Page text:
Author: Joan He
Publisher: Roaring Brook
Released: May 4, 2021
Add The Ones We’re Meant to Find to the top of my books read in 2021, please! It’s a brilliant novel, one that I cannot recommend enough. Written by Joan He, it promises to be a blend of We Were Liars, Black Mirror, and Studio Ghibli.
That being said, I want to throw my own addition into that mix. There were so many elements in this novel that reminded me of The Uglies. And I loved every second of it. So fans of that original trilogy should seriously consider checking it out.
Cee has been trapped and alone on an island for years. Well, mostly alone. She does have a bot to keep her company. So, that’s something. But in reality, all Cee wants to do is get off the island and find her sister, Kay. She knows that Kay is out there somewhere, waiting for her.
Meanwhile, Kay, aka Kasey Mizuhara, is living a very different life. She’s safely inside an eco-city, one built by people like her parents. She doesn’t understand why her sister went missing or what she can do to bring her back. So you can imagine how quickly she jumps at the chance to find the truth when presented to her.
“The problem with oceans? They always seem smaller from the shore.”
Words cannot express how much I loved this book. It was amazing, intense, rich, and so painfully human at times. It is everything I could have asked for in a futuristic novel. Cee and Kay were amazing leading characters, showcasing the complexity that has come with their world.
This novel was somehow very bleak at times and yet had such strong solarpunk themes. There was a real sense of hope – at times – for the future and what humanity could do to repair the damage done.
Naturally, that brings up one of the points I loved about this book. It opened up room for conversation. Not just about pollution and conservation efforts, but how humanity tends to regard these efforts. We seem to always be bouncing back and forth, from one extreme to the next, and that was beautifully captured here.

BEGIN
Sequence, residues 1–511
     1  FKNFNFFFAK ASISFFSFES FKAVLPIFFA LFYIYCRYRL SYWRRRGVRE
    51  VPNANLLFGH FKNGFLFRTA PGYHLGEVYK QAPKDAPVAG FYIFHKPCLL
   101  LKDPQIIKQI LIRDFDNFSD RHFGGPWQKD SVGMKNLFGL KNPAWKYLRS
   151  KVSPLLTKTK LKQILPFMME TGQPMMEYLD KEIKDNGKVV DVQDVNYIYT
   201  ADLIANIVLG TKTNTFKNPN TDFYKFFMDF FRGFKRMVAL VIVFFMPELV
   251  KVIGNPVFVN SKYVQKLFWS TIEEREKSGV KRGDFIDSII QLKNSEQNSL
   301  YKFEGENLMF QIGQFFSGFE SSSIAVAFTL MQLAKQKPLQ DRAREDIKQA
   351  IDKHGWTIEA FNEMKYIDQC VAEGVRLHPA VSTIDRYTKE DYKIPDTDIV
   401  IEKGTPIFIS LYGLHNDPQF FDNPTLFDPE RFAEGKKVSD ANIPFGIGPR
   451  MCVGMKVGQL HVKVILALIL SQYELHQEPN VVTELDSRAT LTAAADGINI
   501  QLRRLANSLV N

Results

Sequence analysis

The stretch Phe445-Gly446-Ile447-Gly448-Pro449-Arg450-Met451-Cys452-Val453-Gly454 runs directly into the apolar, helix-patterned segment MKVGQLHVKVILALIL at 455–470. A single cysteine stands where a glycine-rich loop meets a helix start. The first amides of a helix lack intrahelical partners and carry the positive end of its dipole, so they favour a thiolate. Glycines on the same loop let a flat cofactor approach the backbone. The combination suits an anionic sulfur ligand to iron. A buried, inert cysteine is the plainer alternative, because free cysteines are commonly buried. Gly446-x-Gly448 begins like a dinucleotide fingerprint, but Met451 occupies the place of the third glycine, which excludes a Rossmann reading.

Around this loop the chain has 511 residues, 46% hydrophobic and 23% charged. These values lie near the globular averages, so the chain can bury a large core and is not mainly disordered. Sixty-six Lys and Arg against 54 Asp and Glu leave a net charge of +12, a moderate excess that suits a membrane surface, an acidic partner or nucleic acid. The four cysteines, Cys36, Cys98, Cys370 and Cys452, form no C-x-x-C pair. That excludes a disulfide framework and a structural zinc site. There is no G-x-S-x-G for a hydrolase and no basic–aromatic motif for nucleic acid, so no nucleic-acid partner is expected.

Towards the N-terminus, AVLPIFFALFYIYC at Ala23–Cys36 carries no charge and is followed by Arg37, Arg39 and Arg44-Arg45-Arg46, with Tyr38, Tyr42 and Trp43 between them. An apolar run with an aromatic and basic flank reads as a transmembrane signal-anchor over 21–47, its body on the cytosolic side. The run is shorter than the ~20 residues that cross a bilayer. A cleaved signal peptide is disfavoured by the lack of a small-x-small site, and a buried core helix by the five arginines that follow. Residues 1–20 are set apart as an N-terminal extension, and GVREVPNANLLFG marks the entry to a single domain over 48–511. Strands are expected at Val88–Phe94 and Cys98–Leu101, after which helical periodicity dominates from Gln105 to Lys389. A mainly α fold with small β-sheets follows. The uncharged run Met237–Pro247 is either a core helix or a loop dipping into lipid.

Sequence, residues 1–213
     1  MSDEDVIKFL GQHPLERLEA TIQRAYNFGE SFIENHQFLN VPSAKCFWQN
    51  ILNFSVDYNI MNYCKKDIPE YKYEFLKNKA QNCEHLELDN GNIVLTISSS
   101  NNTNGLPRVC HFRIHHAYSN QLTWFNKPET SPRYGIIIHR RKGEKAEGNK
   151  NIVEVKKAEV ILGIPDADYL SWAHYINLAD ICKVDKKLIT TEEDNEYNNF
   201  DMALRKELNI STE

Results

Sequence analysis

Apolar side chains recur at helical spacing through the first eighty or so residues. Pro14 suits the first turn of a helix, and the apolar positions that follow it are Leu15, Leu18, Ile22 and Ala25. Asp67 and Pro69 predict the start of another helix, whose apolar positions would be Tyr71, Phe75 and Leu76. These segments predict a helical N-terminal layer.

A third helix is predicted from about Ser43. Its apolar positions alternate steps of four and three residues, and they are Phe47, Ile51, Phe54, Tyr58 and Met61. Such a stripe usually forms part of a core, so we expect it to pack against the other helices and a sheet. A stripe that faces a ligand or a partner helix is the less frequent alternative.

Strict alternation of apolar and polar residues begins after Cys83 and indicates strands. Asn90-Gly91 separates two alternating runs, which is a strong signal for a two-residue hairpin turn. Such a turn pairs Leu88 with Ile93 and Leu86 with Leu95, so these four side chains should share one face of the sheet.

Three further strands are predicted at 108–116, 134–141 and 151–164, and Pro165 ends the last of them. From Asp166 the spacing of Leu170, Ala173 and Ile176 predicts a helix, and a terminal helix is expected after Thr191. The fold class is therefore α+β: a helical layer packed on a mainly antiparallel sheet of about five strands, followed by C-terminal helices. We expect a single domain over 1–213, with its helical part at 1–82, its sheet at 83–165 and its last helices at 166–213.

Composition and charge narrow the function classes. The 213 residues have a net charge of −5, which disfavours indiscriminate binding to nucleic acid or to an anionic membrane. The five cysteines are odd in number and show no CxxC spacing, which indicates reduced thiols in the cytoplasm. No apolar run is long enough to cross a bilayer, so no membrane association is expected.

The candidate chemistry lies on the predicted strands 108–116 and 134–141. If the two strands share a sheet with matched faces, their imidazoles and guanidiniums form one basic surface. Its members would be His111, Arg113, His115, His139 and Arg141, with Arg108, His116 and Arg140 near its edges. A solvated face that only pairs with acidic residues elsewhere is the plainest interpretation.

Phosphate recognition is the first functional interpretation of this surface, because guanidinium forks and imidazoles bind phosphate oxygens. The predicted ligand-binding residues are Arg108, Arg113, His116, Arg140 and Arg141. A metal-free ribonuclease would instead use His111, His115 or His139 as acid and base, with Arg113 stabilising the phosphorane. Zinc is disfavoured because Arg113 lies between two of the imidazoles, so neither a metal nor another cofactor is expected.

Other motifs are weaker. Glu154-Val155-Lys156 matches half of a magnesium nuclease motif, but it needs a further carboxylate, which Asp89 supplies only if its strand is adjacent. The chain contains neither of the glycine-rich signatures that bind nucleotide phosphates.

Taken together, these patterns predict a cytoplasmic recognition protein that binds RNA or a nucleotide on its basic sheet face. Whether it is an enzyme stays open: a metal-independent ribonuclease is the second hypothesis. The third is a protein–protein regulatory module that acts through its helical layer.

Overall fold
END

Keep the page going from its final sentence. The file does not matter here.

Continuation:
“When I dream of her, it’s in vibrant color, unlike the gradients of gray of my monochrome days. But everything is hazy when I wake. The details merge. The colors fade.”
The two different narratives in this tale, Cee and Kay’s, couldn’t have been more different if you tried. And yet, they fit together like two pieces of a puzzle. As the story progressed, it began to make more sense of how these two characters came to such different points.
I adored every moment of their journey, and part of me felt broken when it all came to an end. I wasn’t ready to say goodbye. Not to either of them, but especially not to Cee, who found a way to write a story directly into my heart.
This is one of those novels that seemed to project imagery right into my head. Because of this, it has left me feeling rather desperate to see an adaptation of it. I don’t know how likely that is; I just know that I would love to see a movie version of it.
As I sit down to write this review, I see that The Ones We’re Meant to Find is hovering just below a 4-star rating. While I know that this isn’t a bad rating, it does make me feel like it’s already underrated. That’s clearly my bias showing, and I’m only bringing it up to make it clear just how much I loved this book.
I can see the ending being somewhat divisive. Personally, I feel like the ending was every bit the ending we deserved. By we, I mean the characters and the readers. No more, no less.
Thanks to Roaring Brook and #BookishFirst for making this book available for review. All opinions expressed are my own.